Shingles are caused by varicella-zoster, the same virus that causes chickenpox. If you've ever had chickenpox (typically during childhood), this virus is quietly hiding out in the roots of your nerves. It can reactivate and cause a painful skin rash. This is known as shingles or herpes zoster.
Not everyone who has had chickenpox will develop a case of shingles. Approximately 20% of North Americans develop shingles at some point in their life. Most people who get shingles are 50 to 70 years of age, but it can happen at any age.
The latent or "quiet" infection caused by varicella-zoster can become active again, even many years after you've had chickenpox. This can occur when your immune system isn't working at its best. This may be due to any of the following reasons:
Most of the time, it is difficult to know exactly what triggered reactivation of the virus. Shingles rarely occur in children under the age of 10. The risks of getting it at that age increase significantly if a child has been infected with the virus during the first year of life, or if the mother had chickenpox during pregnancy.
A person with a shingles rash can pass the varicella-zoster virus onto someone who has not yet been infected with the virus, usually a child. However, the newly infected person would develop chickenpox, not shingles. Shingles occurs as a reactivation of the latent virus, not from "catching it" from someone who has shingles.
When the virus becomes active again, you may get symptoms such as rash, upset stomach, headache, fever, and chills. These symptoms are often preceded by warning signs (the prodrome) such as sensitivity, itchiness, numbness, or pain in the days before the rash appears. The rash produces painful, fluid-filled blisters, and you'll feel tingling or burning sensations.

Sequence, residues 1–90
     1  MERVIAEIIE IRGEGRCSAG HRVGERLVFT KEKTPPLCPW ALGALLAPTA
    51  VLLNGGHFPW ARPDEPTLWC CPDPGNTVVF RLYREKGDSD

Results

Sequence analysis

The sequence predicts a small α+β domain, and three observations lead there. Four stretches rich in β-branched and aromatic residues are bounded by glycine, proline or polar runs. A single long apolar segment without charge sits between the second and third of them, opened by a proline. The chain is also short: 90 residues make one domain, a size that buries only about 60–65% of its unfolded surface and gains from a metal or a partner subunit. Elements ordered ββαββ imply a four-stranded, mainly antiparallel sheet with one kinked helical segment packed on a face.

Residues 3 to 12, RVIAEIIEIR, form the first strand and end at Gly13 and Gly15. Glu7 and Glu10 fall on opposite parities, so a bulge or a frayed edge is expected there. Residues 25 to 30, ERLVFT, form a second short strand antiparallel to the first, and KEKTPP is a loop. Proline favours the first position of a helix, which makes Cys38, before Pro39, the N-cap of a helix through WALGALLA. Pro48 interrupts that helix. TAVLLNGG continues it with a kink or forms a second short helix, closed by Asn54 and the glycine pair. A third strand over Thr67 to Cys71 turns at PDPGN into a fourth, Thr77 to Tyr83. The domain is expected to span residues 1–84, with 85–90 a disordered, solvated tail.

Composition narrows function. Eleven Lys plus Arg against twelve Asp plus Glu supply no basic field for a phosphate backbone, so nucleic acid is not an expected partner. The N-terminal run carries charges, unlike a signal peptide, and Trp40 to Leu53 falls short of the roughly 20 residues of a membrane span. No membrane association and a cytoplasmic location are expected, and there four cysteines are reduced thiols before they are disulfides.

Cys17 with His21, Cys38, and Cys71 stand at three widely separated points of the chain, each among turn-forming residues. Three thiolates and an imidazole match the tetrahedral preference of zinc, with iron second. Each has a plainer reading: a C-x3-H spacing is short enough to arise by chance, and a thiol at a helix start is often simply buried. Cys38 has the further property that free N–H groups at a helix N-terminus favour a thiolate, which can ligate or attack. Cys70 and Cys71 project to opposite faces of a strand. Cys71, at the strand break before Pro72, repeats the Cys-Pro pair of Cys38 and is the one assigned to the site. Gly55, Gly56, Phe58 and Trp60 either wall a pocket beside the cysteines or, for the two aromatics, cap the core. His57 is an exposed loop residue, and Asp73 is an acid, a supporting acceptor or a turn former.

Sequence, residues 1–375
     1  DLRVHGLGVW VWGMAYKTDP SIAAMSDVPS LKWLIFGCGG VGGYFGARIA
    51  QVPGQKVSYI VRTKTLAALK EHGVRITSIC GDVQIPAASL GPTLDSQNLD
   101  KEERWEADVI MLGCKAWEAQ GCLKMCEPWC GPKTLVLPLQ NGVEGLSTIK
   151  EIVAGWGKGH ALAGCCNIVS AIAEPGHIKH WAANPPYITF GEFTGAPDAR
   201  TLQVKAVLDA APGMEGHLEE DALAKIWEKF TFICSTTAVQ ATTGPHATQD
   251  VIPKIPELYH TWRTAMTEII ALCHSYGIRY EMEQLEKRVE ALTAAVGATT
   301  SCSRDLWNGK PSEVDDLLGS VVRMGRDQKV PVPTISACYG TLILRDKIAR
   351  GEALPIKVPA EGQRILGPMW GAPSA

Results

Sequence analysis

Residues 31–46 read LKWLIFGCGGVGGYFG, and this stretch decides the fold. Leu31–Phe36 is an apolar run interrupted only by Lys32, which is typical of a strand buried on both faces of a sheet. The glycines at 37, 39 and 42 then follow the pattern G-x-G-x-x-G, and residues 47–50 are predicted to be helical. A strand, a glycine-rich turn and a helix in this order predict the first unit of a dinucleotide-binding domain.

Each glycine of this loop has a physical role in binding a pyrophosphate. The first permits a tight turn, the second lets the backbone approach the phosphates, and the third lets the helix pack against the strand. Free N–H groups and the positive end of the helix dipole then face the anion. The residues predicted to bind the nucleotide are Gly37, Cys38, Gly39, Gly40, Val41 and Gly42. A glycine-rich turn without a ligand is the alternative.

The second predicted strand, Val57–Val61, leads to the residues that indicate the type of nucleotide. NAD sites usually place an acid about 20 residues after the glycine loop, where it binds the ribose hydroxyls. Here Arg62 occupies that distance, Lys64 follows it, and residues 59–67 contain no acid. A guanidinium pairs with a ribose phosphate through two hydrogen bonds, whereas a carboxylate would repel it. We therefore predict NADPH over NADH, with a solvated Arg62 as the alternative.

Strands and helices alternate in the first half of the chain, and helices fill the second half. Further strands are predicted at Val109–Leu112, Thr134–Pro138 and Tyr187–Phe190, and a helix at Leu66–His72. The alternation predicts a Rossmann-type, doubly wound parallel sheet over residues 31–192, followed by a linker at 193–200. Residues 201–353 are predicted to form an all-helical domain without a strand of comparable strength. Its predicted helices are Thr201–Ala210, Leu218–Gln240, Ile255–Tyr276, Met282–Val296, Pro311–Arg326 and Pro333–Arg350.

When the varicella-zoster virus enters its "quiet" phase after chickenpox, it remains dormant in certain nerves. The shingles rash will break out in the areas of the body connected to those nerve cells. As a result, only one section or one side of the body is often affected. Common sites for the rash include the chest, back, buttocks, neck, and sometimes the face and scalp.
The rash itself is reddish, with many tiny, fluid-filled blisters. For a few days, the rash spreads, although its extent varies from one person to another. The rash commonly occurs on one side of the trunk of your body as a band of blisters that go from the middle of your back around one side of your chest to your breastbone. The blisters will break, dry out, and then crust over.
From before the time the rash erupts until after it's healed, you'll be itchy - in some cases, the rash can be extremely painful. The rash usually lasts about 7 to 10 days and completely disappears after one month. The pain can last for up to 3 months or longer in a very small percentage of people. While you will likely have only one bout of herpes zoster, some people may get it several times.
If your immune system isn't working at full capacity, your rash and symptoms will be more severe and take longer to heal, which can lead to scarring. The virus can also spread to other organs in your body, but this is rare for people with healthy immune systems.
Post-herpetic neuralgia (PHN) is one of the complications of shingles. It is characterized by severe pain along affected nerves where the herpes zoster virus is located. It can last for several weeks, months, or years, and can be permanent. The cause of PHN is not known.
Other complications can occur if the virus spreads up the nerve that connects to your eyes. This may result in an eye infection or eye pain triggered by exposure to light. Your eye doctor should be consulted immediately if shingles in the eye area is suspected. If left untreated, the virus can cause blindness. If the virus spreads to two particular nerves in your face, then a condition called Ramsay Hunt syndrome can develop. This can lead to temporary ear pain, facial paralysis, and loss of hearing and taste.